I thought the Singer's final price was a bit on the light side too but I am quite pleased that it went to another listmember.
The economy is quite soft as we all know which impacted the price of that Singer. The Singer frame being discussed is a tall frame as well. A 56 cm might have pushed the price up a bit.
About 5 years ago, I paid $2400.00 for a frame and fork from a seller in California. I would describe that frame as an Audax type. Not racing, not pure touring. It had rack mounts, but did not come with any racks or headset for that matter. Campy horizontal dropouts but no braze ons. It came in from Cupertino Cycle and was sold in early 1971. Olivier Csuka told me that it was made and shipped to Cupertino in late 1969.
What I am saying here is that before I bought the frame, I did my homework and found the bike's pedigree and decided the money that I paid for it was justifiable homicide to my back account. To this day, the bike remains apart of the 4 Singers "Glee Club" in my collection.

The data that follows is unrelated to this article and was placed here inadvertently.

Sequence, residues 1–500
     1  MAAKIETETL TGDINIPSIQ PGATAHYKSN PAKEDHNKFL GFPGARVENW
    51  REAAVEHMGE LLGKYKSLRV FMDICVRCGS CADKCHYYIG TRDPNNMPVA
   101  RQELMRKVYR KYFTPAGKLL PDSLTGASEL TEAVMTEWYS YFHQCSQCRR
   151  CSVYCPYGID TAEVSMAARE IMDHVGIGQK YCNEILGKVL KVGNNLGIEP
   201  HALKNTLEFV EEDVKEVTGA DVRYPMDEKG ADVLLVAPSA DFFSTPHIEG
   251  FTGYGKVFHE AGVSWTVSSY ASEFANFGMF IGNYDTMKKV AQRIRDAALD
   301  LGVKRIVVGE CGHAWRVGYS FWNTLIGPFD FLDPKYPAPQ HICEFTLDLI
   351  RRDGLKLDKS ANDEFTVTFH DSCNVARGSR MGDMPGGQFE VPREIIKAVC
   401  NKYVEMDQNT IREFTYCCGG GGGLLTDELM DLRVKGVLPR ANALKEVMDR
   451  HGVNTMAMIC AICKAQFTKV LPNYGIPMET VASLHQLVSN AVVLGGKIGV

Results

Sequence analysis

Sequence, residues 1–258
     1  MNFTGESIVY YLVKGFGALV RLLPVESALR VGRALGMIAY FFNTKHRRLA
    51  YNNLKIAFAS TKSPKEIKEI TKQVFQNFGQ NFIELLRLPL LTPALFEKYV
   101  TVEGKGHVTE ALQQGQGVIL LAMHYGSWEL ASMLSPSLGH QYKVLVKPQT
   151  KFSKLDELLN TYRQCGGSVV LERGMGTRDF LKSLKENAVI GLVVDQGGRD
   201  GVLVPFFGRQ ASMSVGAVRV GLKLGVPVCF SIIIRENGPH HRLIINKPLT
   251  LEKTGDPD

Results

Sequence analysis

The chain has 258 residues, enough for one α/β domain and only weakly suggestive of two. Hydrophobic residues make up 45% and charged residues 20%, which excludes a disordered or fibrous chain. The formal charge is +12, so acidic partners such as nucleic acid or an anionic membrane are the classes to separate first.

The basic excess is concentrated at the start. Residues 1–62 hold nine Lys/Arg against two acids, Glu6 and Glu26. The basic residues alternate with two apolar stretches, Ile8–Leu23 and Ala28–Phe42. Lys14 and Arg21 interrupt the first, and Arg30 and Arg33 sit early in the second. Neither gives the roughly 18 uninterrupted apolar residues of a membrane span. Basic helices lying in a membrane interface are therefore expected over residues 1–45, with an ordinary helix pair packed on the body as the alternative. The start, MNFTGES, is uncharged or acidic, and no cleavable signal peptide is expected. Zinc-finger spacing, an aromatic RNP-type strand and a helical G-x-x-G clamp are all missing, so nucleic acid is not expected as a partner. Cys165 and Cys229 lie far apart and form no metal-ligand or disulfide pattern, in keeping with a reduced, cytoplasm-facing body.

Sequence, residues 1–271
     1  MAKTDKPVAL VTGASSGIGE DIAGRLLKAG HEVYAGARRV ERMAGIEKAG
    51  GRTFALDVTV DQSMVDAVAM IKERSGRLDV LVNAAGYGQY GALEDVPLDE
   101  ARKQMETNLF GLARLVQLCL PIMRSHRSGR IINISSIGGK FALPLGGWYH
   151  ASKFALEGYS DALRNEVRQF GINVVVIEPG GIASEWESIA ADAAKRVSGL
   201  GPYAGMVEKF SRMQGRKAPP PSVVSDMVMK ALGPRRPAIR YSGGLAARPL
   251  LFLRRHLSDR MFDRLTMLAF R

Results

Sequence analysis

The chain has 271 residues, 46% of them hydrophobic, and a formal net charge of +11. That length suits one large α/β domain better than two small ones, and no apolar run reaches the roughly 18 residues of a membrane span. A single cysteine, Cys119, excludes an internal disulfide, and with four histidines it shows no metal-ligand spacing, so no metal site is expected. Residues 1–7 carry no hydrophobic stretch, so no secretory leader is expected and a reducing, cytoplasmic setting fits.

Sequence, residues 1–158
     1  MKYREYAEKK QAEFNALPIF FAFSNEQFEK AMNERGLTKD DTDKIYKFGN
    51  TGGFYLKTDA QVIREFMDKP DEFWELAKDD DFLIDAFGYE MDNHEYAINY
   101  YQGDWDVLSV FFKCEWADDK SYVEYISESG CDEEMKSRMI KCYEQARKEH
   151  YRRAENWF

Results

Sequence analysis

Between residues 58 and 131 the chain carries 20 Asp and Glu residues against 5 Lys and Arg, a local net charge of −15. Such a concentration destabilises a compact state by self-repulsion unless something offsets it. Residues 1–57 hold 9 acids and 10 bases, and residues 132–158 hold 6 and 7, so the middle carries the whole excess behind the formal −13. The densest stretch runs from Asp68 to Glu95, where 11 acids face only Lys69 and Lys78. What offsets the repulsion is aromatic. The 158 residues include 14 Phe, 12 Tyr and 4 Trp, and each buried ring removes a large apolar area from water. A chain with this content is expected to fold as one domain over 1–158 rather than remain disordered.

Mike Schmidt Millington, NJ USA
On 7/20/10 10:35 PM, "Jan Heine" <email@example.com> wrote:
> At 5:25 PM -0400 7/20/10, Tom Hayes wrote:
>> I am curious about the price of a Singer that sold recently on Ebay. A
>> thousand seems pretty reasonable for the bike, even with shipping from
>> Canada. Is there something in the auction that I am missing, precipitating
>> the price? Thanks for whatever light you can shed on this.
> There are a few factors that may have decreased the interest in the
> Singer on e-bay.
> The Singer is a racing frame with horizontal (Campagnolo?) dropouts.
> No racks, not even a bag support. The lugs are the simpler "Italian"
> However, unlike some of the "bought-in" frames from that era that
> sometimes get mistaken for "real" Singers, this one shows all the
> details of a "true" Alex Singer. Many of these bikes ride
> wonderfully... For the purchase price, the buyer could have done a
> lot worse.
> Jan Heine
> Bicycle Quarterly
> 2116 Western Ave.
> Seattle WA 98121